The rules have pretty much always read that a critical roll is a critical, despite any modifications to the result after the roll. Reducing the roll by a d6 is modifying the end result, not the fact that they rolled a critical hit. The hit is still critical, but the d6 subtraction may be useful for other things.

Remember, unless it says to re-roll, a crit is always a crit.

share|improve this answer
The roll itself still stands. You can never change a physical roll, but you can always add modifiers. Unless a power specifically says "Negates a critical attack" (And there are a couple that do, I think, would have to pull out the books to be sure) then it can only change the end result, not stop a natural 20 from being a crit. – RGThigpen Dec 21 '11 at 15:34
@RGThigpen there are several things that negate crits (fortification armor gives you a roll, there is a feat that does something similar, some other interrupt powers). The case here is wondering whether this particular power (or powers like it) alter the number on the die or the result. This power in the first case could be used to achieve a crit or negate one, in the second case it could just give you a chance to change a hit to a miss or a miss to a hit... – wax eagle Dec 21 '11 at 15:39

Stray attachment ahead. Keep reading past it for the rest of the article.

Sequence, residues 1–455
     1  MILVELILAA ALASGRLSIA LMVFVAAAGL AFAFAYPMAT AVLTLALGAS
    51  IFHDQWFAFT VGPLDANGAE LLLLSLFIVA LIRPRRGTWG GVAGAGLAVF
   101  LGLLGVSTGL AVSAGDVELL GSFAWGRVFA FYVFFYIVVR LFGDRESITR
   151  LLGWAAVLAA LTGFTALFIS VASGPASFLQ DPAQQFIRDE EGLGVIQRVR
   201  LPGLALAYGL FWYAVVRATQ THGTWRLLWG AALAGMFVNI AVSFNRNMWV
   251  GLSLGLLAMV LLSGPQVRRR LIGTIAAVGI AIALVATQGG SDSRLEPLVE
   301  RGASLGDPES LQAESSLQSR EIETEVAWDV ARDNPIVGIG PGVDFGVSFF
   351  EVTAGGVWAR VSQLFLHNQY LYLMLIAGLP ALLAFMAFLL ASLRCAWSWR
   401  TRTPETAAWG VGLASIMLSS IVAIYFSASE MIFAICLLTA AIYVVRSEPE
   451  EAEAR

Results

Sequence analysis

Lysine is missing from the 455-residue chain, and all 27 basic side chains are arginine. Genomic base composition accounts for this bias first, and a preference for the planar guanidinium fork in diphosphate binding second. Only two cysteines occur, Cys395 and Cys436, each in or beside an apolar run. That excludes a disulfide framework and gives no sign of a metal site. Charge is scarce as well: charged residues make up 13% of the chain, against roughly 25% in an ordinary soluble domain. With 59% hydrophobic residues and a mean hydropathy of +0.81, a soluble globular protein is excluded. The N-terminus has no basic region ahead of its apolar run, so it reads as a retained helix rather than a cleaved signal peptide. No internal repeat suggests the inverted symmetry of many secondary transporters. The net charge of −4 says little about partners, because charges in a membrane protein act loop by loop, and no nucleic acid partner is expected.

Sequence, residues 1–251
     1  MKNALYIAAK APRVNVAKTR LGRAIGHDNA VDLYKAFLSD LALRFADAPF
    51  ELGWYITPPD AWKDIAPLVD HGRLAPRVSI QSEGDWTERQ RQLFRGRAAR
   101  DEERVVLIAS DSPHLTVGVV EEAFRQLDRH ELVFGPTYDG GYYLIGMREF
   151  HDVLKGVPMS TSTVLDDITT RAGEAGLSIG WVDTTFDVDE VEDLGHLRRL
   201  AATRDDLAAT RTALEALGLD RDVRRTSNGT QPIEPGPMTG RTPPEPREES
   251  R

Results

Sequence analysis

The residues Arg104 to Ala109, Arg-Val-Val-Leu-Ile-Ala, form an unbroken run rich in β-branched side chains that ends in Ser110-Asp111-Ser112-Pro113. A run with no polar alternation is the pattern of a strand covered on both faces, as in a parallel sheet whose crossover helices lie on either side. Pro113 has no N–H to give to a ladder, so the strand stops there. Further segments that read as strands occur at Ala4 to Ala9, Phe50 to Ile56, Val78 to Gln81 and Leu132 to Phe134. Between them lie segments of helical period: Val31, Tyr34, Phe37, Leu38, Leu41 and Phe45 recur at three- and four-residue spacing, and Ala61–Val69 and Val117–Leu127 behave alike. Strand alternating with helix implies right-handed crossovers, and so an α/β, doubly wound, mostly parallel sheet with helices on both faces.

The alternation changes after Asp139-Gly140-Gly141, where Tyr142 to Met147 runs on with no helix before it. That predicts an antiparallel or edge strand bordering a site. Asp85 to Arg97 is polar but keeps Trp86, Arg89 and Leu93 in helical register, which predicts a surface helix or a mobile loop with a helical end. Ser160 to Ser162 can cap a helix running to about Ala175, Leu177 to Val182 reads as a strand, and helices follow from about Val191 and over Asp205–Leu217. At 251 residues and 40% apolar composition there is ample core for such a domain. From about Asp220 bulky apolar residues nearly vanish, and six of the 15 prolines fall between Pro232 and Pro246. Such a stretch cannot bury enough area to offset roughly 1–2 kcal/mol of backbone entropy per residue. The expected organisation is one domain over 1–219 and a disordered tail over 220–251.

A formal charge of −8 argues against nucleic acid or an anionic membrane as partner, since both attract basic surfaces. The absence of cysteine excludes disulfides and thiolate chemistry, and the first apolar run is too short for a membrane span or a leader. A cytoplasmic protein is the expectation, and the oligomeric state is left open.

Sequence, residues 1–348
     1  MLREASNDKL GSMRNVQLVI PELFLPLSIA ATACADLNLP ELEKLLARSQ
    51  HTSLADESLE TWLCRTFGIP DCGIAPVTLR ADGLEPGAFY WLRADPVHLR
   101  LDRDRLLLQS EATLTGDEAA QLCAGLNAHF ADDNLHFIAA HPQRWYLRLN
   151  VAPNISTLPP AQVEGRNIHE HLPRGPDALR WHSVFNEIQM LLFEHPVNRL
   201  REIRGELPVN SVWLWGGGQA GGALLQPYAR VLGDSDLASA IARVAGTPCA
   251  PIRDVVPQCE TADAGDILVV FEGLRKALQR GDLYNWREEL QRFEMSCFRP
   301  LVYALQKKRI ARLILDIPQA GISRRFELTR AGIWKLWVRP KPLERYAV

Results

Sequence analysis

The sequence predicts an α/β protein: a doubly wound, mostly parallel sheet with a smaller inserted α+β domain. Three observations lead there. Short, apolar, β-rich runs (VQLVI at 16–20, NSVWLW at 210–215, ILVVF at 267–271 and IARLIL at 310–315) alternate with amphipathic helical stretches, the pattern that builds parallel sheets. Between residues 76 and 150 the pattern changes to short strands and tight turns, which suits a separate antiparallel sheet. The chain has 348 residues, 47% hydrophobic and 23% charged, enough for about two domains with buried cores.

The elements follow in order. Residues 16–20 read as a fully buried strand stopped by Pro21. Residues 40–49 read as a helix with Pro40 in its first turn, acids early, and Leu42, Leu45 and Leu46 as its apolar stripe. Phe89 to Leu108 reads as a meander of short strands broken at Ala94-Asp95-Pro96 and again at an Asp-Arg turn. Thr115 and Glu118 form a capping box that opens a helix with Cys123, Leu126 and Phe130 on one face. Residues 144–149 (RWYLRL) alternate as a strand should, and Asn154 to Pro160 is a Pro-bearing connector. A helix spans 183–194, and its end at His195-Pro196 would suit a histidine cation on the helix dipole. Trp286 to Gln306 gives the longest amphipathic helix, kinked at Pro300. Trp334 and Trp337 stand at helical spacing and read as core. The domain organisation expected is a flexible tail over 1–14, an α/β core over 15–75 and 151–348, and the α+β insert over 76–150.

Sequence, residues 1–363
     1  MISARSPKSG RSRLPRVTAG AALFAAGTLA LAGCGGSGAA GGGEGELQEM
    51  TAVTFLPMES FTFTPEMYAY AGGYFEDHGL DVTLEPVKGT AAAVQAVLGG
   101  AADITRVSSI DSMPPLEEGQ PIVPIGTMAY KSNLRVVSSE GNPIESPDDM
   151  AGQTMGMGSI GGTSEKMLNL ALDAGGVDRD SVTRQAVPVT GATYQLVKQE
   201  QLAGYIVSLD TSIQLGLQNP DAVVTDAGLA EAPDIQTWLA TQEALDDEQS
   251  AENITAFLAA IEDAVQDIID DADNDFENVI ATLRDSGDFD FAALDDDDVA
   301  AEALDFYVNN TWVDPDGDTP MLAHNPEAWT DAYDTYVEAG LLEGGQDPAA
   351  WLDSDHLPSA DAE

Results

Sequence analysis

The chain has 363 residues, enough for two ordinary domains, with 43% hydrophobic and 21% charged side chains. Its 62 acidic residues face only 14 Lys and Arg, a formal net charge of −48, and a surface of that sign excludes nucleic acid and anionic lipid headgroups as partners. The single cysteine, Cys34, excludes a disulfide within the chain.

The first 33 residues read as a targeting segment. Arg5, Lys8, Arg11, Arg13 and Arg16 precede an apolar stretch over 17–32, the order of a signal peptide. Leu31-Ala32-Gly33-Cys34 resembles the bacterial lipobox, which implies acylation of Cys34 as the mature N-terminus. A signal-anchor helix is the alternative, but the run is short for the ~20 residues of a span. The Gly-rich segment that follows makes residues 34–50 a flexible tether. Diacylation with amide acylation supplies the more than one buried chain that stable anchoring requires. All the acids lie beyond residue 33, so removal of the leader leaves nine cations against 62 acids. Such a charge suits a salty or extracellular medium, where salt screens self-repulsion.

Unless the power says otherwise (like the armor and feats you mentioned, yes) then it is only a modifier, not a change to the physical roll. – RGThigpen Dec 21 '11 at 15:42

A natural 20 will always hit regardless of modifications to the roll. However, if the d6 used happened to drop the total attack roll enough to not meet the target defense it is resolved as a normal hit and does not deal max damage. This is stated in the player's handbook pg 278 and rules compendium pg 216.